Treasury scolds China anew, doesn’t call it a currency manipulator


McClatchy Washington Bureau

The Treasury Department on Tuesday stopped short of declaring China a currency manipulator but raised concern anew about the need for the Asian powerhouse to let markets play a greater role in determining the value of its currency.

In its Semi-Annual Report to Congress on International Economic and Exchange Rate Policies, Treasury officials also raised concerns about Japan’s economic and financial policies and whether they do enough to boost domestic demand for goods and services.

Asia’s strong exports to the United States and weak domestic demand are a constant rub point on trade policy, but the twice-a-year report focuses most on China.

Policymakers in China have widened the band in which their currency, the yuan, can rise or fall against the U.S. dollar, the report noted.

However, after allowing the yuan to appreciate by about 2.9 percent against the dollar in 2013, making U.S. products more price competitive in China, that welcome news appears at risk of being undone.

“During 2014, however, the exchange rate has reversed direction, depreciating by a marked 2.68 percent year to date,” the report released Tuesday said. “There are a number of continuing signs that the exchange rate adjustment process remains incomplete and the currency has further to appreciate before reaching its equilibrium value (against the dollar).”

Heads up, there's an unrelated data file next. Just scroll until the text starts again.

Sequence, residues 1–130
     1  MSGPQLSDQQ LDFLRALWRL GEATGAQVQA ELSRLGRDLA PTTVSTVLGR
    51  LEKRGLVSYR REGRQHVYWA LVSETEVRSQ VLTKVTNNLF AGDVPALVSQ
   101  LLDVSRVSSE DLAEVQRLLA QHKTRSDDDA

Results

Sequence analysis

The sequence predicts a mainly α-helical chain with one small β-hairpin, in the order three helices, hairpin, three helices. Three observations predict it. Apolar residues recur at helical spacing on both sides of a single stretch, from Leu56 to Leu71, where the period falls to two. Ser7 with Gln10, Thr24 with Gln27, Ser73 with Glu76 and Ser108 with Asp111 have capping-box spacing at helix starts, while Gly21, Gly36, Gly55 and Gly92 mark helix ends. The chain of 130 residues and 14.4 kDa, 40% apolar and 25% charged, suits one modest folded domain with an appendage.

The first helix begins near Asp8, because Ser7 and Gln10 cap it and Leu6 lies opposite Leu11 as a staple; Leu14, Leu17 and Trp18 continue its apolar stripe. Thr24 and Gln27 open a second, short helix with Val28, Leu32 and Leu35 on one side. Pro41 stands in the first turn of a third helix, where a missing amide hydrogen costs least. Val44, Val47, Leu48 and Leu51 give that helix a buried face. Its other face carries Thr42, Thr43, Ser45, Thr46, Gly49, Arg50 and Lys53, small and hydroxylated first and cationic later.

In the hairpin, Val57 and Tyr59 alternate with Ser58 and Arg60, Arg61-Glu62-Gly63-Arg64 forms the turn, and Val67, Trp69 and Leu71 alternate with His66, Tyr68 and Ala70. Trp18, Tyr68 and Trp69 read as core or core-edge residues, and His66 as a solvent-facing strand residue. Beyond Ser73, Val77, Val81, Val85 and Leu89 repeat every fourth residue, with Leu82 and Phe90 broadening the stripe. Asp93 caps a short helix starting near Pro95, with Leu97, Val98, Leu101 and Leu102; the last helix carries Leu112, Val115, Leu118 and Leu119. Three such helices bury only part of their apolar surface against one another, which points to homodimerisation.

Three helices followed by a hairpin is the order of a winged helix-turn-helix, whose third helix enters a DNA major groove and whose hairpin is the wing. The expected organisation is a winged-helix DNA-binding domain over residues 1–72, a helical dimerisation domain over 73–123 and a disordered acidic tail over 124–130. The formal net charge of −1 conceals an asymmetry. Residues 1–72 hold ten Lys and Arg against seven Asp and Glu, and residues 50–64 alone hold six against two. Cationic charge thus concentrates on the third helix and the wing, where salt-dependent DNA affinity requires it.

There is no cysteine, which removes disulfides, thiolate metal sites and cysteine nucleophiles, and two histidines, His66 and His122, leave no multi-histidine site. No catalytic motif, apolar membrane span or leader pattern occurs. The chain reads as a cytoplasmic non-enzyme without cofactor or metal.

Treasury officials urged Japan and Korea to rely less on exports to the United States and foster greater domestic demand for products made at home. One way to do that is to let these currencies appreciate against the dollar, the report said.

Despite the frictions, however, the Treasury Department stopped short of accusing any of the Asian partners of manipulating their currencies for home-field advantage.

“Based on the analysis in this report, Treasury has concluded that no major trading partner of the United States met the standard of manipulating the rate of exchange between their currency and the United States dollar for purposes of preventing effective balance of payments adjustments or gaining unfair competitive advantage in international trade,” the report concluded.

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